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8. Meghan O’Rourke: Creative Writing majors often get hit with skeptical questions about career options, and Meghan answered them like a pro. She began as one of the youngest editors at TheNew Yorker, went on to become a poetry editor for The Paris Review and is now a culture critic for Slate. (Photo via Sarah Shatz)

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9. Gregory Pardlo: Announced just a few weeks ago, this year’s Pulitzer Prize for Poetry went to Gregory’s book Digest, which explores topics of fatherhood, race and academics. (Photo via Gregory Pardlo)

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10. Ernestine Johnson: Ernestine is a performance poet who captured the Internet’s attention with her powerful reading on The Arsenio Hall Show, and she continues to impress through her YouTube channel. (Photo via Ernestine Johnson)

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11. Steve Roggenbuck: We couldn’t cover contemporary poets without taking social media into account. Steve’s unique blend of Tweets, texts and video rants is trippy as hell but resonates with a lot of people. As with anything postmodern, a lot of people aren’t gonna get it and a lot of people are — including the New York Times T Magazine, which called him a prophet. (Photo via @steveroggenbuck)

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12. Alex Dimitrov: Alex is involved in all things poetic: He reads, writes, edits, teaches, publishes, experiments and hosts. Some of his last projects were founding Wilde Boys, a queer poetry salon in NYC, and reading poems to strangers in bed and online, a project dubbed Night Call. Something tells us he has much more in store. (Photo via Alex Dimitrov)

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13. Lexa Hillyer: As co-founder of Paper Lantern Lit, which “incubates” stories, Lexa knows a lot about books. She even wrote a YA novel of her own, coming out this June. In addition to her prose, she published a prize-winning collection of poetry, Acquainted With the Cold. (Photo via Lexa Hillyer)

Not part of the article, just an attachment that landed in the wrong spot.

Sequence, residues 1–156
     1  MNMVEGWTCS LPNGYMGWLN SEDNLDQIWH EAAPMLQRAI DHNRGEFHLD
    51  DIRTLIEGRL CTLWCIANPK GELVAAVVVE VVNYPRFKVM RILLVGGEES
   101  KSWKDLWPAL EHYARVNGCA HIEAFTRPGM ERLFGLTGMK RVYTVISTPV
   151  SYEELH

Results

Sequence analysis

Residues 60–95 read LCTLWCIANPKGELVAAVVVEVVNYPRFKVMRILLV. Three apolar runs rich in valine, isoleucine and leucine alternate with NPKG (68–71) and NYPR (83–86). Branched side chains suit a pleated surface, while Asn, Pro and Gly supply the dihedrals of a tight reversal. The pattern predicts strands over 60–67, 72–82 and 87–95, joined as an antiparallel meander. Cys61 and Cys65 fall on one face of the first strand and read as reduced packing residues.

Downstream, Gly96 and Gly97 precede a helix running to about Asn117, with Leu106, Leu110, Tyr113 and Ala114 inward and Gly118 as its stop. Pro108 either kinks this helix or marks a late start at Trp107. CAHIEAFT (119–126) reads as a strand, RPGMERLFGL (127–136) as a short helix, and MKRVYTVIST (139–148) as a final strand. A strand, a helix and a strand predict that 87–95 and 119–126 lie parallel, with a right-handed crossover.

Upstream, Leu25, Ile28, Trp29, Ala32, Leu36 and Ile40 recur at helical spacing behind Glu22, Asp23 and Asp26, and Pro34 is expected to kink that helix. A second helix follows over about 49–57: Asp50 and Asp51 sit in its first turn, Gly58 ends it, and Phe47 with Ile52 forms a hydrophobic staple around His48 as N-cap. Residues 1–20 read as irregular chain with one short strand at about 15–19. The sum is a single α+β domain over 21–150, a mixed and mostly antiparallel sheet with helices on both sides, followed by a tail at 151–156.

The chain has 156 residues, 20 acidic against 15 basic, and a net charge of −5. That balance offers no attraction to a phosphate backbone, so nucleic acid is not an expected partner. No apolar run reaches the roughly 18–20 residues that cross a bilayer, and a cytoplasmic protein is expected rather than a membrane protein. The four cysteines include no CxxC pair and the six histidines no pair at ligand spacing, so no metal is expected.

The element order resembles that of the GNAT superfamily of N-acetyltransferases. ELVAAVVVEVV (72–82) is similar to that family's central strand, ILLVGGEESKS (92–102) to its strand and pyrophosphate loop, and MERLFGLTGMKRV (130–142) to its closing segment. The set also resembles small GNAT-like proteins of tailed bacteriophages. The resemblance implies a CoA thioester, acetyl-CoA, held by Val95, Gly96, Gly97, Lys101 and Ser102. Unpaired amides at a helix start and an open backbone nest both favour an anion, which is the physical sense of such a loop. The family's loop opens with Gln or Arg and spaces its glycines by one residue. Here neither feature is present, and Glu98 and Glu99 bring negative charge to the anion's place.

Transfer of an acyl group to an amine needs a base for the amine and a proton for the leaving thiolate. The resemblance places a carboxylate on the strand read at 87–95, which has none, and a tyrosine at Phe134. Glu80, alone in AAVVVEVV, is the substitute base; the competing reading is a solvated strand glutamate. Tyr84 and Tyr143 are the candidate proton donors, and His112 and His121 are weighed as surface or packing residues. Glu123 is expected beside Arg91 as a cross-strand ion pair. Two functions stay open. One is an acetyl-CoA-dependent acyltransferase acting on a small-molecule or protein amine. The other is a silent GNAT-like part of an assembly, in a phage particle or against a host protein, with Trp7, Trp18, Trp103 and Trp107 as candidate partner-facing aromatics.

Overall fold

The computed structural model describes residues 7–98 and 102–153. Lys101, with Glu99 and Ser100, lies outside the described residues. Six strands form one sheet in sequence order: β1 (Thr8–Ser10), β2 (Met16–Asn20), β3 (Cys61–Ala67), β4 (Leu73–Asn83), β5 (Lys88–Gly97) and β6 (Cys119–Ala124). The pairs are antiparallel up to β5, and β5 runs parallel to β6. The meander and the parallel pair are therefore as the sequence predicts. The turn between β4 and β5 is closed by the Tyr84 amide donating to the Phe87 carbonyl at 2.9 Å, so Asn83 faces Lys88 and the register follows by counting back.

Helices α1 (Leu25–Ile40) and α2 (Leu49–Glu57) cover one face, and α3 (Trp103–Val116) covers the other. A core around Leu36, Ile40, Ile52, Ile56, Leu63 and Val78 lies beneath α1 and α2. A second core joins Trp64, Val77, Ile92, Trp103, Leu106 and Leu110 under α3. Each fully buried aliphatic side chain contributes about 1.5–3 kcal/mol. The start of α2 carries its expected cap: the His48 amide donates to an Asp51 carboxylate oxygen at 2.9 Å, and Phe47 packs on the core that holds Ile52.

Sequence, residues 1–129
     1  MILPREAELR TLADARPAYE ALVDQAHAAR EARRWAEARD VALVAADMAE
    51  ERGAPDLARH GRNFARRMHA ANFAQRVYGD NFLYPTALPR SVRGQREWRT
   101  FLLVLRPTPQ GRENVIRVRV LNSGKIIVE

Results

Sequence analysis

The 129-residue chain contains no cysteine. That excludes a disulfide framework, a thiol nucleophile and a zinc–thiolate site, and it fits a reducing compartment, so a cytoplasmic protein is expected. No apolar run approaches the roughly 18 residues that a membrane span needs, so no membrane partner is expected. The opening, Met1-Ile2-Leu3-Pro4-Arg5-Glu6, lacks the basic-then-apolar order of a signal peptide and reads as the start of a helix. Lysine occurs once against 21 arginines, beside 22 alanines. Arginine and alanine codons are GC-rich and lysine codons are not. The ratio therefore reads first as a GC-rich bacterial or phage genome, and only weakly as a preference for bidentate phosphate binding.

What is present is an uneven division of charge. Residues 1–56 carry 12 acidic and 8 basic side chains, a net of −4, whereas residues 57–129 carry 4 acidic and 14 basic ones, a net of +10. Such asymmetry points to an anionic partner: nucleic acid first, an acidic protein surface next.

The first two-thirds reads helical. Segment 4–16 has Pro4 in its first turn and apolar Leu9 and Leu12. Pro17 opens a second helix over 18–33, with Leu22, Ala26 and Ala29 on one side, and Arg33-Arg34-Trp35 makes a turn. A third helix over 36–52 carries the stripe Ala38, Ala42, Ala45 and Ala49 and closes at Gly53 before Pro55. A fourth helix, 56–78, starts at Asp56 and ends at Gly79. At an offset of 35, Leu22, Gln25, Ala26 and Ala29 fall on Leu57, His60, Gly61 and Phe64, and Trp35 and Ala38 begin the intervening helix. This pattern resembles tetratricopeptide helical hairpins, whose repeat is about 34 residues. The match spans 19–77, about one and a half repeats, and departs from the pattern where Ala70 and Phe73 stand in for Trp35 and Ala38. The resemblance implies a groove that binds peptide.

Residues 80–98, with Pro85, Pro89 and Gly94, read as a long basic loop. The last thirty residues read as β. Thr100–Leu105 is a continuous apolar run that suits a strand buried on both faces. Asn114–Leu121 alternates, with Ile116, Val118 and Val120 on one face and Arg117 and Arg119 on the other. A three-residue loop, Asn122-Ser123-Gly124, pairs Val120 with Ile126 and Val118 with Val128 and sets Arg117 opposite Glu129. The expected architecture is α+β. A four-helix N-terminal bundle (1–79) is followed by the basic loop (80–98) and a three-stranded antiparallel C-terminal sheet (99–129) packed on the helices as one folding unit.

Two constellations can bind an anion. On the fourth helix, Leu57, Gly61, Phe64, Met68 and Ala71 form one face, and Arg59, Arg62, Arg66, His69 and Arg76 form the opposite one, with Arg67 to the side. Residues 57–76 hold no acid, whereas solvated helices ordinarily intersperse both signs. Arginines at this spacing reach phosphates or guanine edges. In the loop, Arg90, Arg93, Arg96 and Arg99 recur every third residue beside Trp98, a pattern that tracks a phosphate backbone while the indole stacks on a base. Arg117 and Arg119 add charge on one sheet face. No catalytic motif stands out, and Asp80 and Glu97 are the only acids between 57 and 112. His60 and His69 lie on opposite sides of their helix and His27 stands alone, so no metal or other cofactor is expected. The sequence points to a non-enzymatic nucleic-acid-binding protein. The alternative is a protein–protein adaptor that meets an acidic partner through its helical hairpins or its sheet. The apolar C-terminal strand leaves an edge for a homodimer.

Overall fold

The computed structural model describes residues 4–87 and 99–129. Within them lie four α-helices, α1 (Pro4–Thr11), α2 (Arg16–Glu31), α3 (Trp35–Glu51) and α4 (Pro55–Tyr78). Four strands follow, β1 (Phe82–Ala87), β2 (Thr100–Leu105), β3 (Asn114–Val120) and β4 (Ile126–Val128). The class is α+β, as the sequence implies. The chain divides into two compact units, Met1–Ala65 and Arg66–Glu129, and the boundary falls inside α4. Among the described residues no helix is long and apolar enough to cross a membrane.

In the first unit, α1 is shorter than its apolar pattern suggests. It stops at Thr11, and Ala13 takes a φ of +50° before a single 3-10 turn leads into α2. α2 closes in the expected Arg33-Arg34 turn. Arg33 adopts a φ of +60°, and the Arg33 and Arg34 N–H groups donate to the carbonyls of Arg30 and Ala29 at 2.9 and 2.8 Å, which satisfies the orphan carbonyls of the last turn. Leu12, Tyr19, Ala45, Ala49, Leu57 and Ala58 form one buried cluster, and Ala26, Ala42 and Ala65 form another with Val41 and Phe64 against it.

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14. EJ Koh: Not only does EJ write her own poetry and prose, but she also translates Korean poetry into English. She plays on this translator role in the poem below, taking inspiration from Beyoncé. (Photo via EJ Koh)

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15. Thomas Sayers Ellis: In the ‘80s, Thomas founded the Dark Room Collective, a poetry group for African-American writers, and he continues to have great influence in the African-American community. His book Skin Inc. was released five years ago, and its subject of racial identity repair is as relevant today as ever. (Photo via Thomas Sayers Ellis)

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16. Leigh Stein: This lady is so clever, she took that befuddling “binders full of women” comment and turned it into a feminist symposium called BinderCon. Whether she’s producing novels or poems, we can’t get enough. (Photo via Leigh Stein)

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Who do you think is killing it in the 21st-century poetry scene? Snaps for the best reading recommendations in the comments!